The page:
The daily cost of operations, clean-up and restitution to BP plc (BP) has reached $100 million per day (over the last three days), according to the company. Unless this is being broadcast to garner unlikely sympathy from a angry crowd, then the costs have reached a magnitude I would have thought unlikely, and my contrarian bet on BP may be at risk.
It's important for me to disclose from the beginning (not just in the footer) that I have wagered that BP is oversold through options and equity. How much so depends on a lot of factors. I made this calculated risk based on the assumption that forcing the company into bankruptcy is not in anyone's best interest. However, I am once again reminded of a great line from the The Maltese Falcon, in which Kasper Gutman cautions Sam Spade:
"That's an attitude, sir, that calls for the most delicate judgment on both sides. 'Cause as you know, sir, in the heat of action men are likely to forget where their best interests lie and let their emotions carry them away."
No commentary was ever more true. This happens on every basketball court in the world and may soon happen on a grander scale if we are so short-sighted that we push BP over the edge.
If our fearless leaders and the raging protesters egging them on do not recognize that the clean-up efforts paid for by BP will be hampered, halted or marginalized if they are forced to take the drastic step of declaring bankruptcy, then we truly have forgotten where our best interests lie. The issues are laid out in BP Bankruptcy in UK Is Obama's Worst Nightmare, by Caroline Baum in BusinessWeek, and it seems very clear this would be bad for everyone, except competing oil companies and vulture funds picking at the bones.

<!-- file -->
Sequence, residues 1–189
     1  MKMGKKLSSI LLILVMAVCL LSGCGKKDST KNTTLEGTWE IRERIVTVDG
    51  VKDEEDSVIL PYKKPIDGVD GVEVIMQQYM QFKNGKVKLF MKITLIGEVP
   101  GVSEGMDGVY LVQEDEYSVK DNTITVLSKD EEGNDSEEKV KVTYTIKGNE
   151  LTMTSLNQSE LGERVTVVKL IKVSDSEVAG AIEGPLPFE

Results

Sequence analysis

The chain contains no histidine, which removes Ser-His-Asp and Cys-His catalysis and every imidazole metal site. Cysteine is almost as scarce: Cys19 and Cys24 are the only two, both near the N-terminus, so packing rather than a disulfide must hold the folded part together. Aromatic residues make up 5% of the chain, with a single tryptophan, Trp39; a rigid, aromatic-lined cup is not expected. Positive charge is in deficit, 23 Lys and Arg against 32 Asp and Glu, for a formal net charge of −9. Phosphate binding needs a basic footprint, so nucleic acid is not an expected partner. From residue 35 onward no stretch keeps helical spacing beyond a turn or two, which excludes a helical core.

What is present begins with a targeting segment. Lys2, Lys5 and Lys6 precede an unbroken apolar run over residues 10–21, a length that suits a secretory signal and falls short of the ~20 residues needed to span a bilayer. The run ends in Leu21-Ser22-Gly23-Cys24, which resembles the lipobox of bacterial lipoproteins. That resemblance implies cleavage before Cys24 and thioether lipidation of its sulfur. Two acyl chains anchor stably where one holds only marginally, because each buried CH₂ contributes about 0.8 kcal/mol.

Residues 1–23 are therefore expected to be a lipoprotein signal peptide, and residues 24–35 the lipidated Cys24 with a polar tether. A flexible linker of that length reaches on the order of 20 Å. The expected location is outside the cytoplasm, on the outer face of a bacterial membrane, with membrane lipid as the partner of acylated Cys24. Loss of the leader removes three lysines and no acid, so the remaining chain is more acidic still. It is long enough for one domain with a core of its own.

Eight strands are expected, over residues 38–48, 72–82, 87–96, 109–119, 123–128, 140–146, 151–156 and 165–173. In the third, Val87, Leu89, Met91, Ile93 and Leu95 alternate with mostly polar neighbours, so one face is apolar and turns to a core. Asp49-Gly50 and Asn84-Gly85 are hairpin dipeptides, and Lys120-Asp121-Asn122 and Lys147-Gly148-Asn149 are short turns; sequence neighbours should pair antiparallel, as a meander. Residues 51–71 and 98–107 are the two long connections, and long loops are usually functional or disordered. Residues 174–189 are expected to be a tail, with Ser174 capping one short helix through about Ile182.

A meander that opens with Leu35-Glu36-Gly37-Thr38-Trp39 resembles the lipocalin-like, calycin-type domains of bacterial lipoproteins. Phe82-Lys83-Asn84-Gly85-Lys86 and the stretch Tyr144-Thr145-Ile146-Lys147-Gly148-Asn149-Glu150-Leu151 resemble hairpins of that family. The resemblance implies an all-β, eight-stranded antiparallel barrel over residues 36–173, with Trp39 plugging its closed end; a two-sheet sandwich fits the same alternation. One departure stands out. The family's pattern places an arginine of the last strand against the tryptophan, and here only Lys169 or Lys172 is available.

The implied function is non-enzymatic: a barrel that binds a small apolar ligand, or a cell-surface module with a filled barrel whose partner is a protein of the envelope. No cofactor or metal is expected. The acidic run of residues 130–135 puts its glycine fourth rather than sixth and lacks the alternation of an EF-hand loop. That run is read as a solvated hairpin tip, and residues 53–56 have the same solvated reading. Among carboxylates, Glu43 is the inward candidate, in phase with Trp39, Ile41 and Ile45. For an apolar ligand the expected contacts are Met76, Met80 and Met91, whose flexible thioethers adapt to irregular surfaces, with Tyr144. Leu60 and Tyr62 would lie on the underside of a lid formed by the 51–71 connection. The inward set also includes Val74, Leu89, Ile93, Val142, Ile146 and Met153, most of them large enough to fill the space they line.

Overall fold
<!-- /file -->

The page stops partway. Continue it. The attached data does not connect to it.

If BP were to be acquired by another company, that company would most assuredly require a cap on potential losses. Otherwise, why would it step into this mess. It's also possible that BP could declare bankruptcy and allow itself to be acquired cheap on the auction block, if no rational approach to its continued survival and payments are reached.
To me this resembles an upside-down real estate transaction, in which the borrower has lost all equity but is willing to struggle along if the lender is willing to restructure or extend the loan. This is happening all over the country today: the borrower and lender recognize that for better or worse they are partners in a deal gone bad.
It is in everyone's best interest to allow BP to survive and prosper, albeit under new rules, so that it can pay for the damage it has caused. If this is not done, then we are truly foolish.
BP opened up Monday morning at $27.62, down from a 52-week high of $62.38.
Sheldon Liber is the CEO of a small private investment company and the principal for design and research at an architecture and planning firm. He writes the columns Chasing Value and Serious Money. Disclosure: He own shares and options of BP.